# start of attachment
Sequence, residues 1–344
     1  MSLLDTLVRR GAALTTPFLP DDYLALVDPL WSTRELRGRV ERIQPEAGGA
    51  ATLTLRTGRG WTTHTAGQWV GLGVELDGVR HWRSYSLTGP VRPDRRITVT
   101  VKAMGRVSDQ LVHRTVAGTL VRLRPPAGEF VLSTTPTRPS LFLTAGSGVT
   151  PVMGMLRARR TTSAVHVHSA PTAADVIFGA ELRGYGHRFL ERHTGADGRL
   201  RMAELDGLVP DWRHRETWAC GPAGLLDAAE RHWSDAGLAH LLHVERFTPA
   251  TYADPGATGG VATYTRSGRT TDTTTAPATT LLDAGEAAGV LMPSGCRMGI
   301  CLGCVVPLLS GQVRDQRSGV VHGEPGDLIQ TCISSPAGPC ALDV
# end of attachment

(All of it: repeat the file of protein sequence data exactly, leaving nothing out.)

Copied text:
Sequence, residues 1–344
     1  MSLLDTLVRR GAALTTPFLP DDYLALVDPL WSTRELRGRV ERIQPEAGGA
    51  ATLTLRTGRG WTTHTAGQWV GLGVELDGVR HWRSYSLTGP VRPDRRITVT
   101  VKAMGRVSDQ LVHRTVAGTL VRLRPPAGEF VLSTTPTRPS LFLTAGSGVT
   151  PVMGMLRARR TTSAVHVHSA PTAADVIFGA ELRGYGHRFL ERHTGADGRL
   201  RMAELDGLVP DWRHRETWAC GPAGLLDAAE RHWSDAGLAH LLHVERFTPA
   251  TYADPGATGG VATYTRSGRT TDTTTAPATT LLDAGEAAGV LMPSGCRMGI
   301  CLGCVVPLLS GQVRDQRSGV VHGEPGDLIQ TCISSPAGPC ALDV